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where=1;:::;m,Listhelogarithmicofthelikelihoodfunction,wandarearbitraryfunctionsofandrepresentstherangespaceof.Clearly,ifw=uandisthepriordistributionof,thenPosteriorexpectationofugiventhedatax=x1;:::;xnisI=EujxwhichistheBayesestimatorofuunderthesquared-error-lossfunction.ToobtainBayesestimateof,weneedtoapproximateIform=2andassume1and2areindependent.Lindleygavethefollowingexpansion:I=u+1 2u1111+u2222+1u111+2u222++1 2L30u1211+L03u2222+L21u21122+L12u12211.5evaluatedat^1;^2andu11=@2u @21;u22=@2u @22;L30=@3L @31;L03=@3L @32;L21=@3L @212;L12=@3L @221;11=)]TJ/F20 11.955 Tf 9.298 0 Td[(L20)]TJ/F18 7.97 Tf 6.586 0 Td[(1=)]TJ/F20 11.955 Tf 10.531 8.087 Td[(@2L @21)]TJ/F18 7.97 Tf 6.587 0 Td[(1;22=)]TJ/F20 11.955 Tf 9.298 0 Td[(L02)]TJ/F18 7.97 Tf 6.586 0 Td[(1=)]TJ/F20 11.955 Tf 10.531 8.088 Td[(@2L @22)]TJ/F18 7.97 Tf 6.587 0 Td[(1;1=@ @1)]TJ/F15 11.955 Tf 9.299 0 Td[(2logv;2=@ @2)]TJ/F15 11.955 Tf 9.298 0 Td[(2logv:Inourcase,=;,U;=;V;==n+1;L;=Pyi)]TJ/F20 11.955 Tf 11.955 0 Td[( )]TJ/F20 11.955 Tf 11.955 0 Td[(expyn)]TJ/F20 11.955 Tf 11.955 0 Td[( ;U1=1;U2=0;U11=0;U22=0;1=0;2=)]TJ/F15 11.955 Tf 9.298 0 Td[(1=2;L10=)]TJ/F20 11.955 Tf 10.494 8.088 Td[(n +1 expyn)]TJ/F20 11.955 Tf 11.955 0 Td[( ;L20=)]TJ/F15 11.955 Tf 12.824 8.088 Td[(1 2expyn)]TJ/F20 11.955 Tf 11.955 0 Td[( ;37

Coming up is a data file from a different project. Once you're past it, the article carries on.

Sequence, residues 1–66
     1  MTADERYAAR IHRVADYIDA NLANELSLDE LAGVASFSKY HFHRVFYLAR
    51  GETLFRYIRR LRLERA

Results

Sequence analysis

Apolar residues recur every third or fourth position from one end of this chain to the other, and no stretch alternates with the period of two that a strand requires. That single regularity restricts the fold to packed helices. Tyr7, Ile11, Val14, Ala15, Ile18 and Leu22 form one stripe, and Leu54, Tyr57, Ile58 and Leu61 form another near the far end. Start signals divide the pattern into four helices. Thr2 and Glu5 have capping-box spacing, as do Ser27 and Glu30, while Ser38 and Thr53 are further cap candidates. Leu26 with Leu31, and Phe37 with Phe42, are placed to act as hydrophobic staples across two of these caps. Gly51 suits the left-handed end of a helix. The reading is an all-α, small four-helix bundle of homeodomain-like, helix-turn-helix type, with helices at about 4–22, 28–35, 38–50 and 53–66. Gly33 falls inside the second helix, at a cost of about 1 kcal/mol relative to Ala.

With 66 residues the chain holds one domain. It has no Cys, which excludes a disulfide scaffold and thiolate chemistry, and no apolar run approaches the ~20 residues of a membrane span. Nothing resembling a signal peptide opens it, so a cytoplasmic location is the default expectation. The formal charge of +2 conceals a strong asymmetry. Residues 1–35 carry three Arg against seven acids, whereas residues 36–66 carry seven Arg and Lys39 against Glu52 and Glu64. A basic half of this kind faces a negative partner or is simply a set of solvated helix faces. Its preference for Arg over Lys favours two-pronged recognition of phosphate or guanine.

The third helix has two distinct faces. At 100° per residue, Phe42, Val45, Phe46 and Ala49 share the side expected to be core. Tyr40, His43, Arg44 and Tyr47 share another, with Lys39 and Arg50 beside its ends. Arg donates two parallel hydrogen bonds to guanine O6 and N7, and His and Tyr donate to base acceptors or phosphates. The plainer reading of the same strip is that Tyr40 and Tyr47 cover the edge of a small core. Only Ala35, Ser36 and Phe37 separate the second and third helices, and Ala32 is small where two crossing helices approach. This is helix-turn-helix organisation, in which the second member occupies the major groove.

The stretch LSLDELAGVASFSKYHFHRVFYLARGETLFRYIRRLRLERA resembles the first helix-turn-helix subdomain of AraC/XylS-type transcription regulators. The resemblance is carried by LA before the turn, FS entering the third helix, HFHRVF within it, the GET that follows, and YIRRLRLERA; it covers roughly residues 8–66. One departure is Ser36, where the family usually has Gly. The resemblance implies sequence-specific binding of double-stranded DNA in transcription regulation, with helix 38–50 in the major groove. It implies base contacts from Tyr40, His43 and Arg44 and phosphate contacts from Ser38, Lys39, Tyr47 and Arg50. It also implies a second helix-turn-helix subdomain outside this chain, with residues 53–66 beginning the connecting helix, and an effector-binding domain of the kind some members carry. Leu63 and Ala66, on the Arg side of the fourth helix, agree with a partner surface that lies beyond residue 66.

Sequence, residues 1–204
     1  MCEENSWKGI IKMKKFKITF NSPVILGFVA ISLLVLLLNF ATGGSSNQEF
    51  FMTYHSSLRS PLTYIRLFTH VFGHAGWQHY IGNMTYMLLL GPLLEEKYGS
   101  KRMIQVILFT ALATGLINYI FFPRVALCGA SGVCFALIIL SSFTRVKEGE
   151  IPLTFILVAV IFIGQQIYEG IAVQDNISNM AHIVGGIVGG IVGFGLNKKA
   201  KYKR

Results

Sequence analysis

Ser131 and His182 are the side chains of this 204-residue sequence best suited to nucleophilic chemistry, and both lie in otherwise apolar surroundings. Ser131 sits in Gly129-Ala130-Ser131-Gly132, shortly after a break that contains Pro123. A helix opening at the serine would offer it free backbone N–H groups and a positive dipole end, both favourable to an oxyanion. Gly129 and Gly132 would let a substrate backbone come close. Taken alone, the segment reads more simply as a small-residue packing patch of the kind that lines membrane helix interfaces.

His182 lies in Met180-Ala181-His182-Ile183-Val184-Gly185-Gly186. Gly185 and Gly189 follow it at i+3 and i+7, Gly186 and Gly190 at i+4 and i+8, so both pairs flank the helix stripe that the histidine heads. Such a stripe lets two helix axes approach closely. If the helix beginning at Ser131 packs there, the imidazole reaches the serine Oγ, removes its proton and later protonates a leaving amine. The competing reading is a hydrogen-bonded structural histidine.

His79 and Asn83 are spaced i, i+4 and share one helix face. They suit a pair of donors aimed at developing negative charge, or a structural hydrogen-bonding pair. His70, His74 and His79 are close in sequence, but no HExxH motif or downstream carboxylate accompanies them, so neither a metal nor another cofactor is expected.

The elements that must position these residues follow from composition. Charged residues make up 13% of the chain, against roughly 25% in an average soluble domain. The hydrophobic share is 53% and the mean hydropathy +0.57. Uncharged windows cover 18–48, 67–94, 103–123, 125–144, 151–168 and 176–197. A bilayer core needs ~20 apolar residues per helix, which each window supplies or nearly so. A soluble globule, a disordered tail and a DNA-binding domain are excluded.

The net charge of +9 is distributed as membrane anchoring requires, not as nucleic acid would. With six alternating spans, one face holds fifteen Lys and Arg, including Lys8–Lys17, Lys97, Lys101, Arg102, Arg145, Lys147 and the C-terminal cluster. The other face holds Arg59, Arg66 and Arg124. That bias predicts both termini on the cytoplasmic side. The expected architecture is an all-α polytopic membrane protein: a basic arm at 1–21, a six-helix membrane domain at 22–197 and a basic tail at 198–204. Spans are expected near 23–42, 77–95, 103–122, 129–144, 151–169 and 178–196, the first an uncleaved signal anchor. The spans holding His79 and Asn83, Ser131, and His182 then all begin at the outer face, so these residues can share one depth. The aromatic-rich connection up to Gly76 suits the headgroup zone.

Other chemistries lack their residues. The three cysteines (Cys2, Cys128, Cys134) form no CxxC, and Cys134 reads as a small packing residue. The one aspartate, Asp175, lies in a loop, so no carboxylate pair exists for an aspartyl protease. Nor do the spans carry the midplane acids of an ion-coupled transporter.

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L21=2 3expyn)]TJ/F20 11.955 Tf 11.955 0 Td[( +1 4expyn)]TJ/F20 11.955 Tf 11.955 0 Td[( ;L30=1 3expyn)]TJ/F20 11.955 Tf 11.955 0 Td[( L01=)]TJ/F1 9.963 Tf 10.494 16.058 Td[(Pyi)]TJ/F20 11.955 Tf 11.956 0 Td[( +yn)]TJ/F20 11.955 Tf 11.956 0 Td[( 2expyn)]TJ/F20 11.955 Tf 11.955 0 Td[( ;L02=2Pyi)]TJ/F20 11.955 Tf 11.956 0 Td[( 3)]TJ/F15 11.955 Tf 13.151 8.088 Td[(2yn)]TJ/F20 11.955 Tf 11.955 0 Td[( 3expyn)]TJ/F20 11.955 Tf 11.955 0 Td[( )]TJ/F20 11.955 Tf 13.151 8.088 Td[(yn)]TJ/F20 11.955 Tf 11.955 0 Td[( 4expyn)]TJ/F20 11.955 Tf 11.955 0 Td[( ;L03=)]TJ/F15 11.955 Tf 10.494 8.088 Td[(6Pyi)]TJ/F20 11.955 Tf 11.955 0 Td[( 4+6yn)]TJ/F20 11.955 Tf 11.955 0 Td[( 4expyn)]TJ/F20 11.955 Tf 11.956 0 Td[( +6yn)]TJ/F20 11.955 Tf 11.955 0 Td[( 5expyn)]TJ/F20 11.955 Tf 11.955 0 Td[( +yn)]TJ/F20 11.955 Tf 11.955 0 Td[( 6expyn)]TJ/F20 11.955 Tf 11.955 0 Td[( ;L12=)]TJ/F15 11.955 Tf 10.494 8.088 Td[(2n 3+2 3expyn)]TJ/F20 11.955 Tf 11.955 0 Td[( +2yn)]TJ/F20 11.955 Tf 11.955 0 Td[( 4expyn)]TJ/F20 11.955 Tf 11.955 0 Td[( +1 4expyn)]TJ/F20 11.955 Tf 11.955 0 Td[( +yn)]TJ/F20 11.955 Tf 11.955 0 Td[( 5expyn)]TJ/F20 11.955 Tf 11.955 0 Td[( :Usingtheexpression.5andsomeoftermsareequaltozero,weobtainEj~x=+1 2L30211+1 2L122211=+1 2L301 L202+1 2L121 L20L02=+ 2expyn)]TJ/F21 7.97 Tf 6.587 0 Td[( +)]TJ/F18 7.97 Tf 6.586 0 Td[(2n3 expyn)]TJ/F22 5.978 Tf 5.756 0 Td[( +23+2yn)]TJ/F20 11.955 Tf 11.955 0 Td[(2+2+yn)]TJ/F20 11.955 Tf 11.955 0 Td[( )]TJ/F15 11.955 Tf 9.298 0 Td[(4Pn1yi)]TJ/F20 11.955 Tf 11.955 0 Td[(+4yn)]TJ/F20 11.955 Tf 11.956 0 Td[(expyn)]TJ/F21 7.97 Tf 6.586 0 Td[( +2yn)]TJ/F20 11.955 Tf 11.955 0 Td[(expyn)]TJ/F21 7.97 Tf 6.587 0 Td[( whichwillbeevaluatedby^;^,whichareMLE'sofand.3.4PredictiveInference3.4.1PredictionsBasedonPosteriorDensityFor=lnand=1=,themeanfunctionforthepowerlawprocessbecomest=t e1 .LetNs1;s2denotethenumberoffailuresoccurringintheintervals1;s2.ThenNs1;s2hasaPoissondistributionwithmeans1;s2=s2 e1 )]TJ/F15 11.955 Tf 11.955 0 Td[(s1 e1 :Hencetheprobabilityofrfailuresoccurbetweenthetimeintervals1;s2isP[Ns1;s2=rj;]=1 r![s1;s2]rexp[)]TJ/F20 11.955 Tf 9.299 0 Td[(s1;s2]:38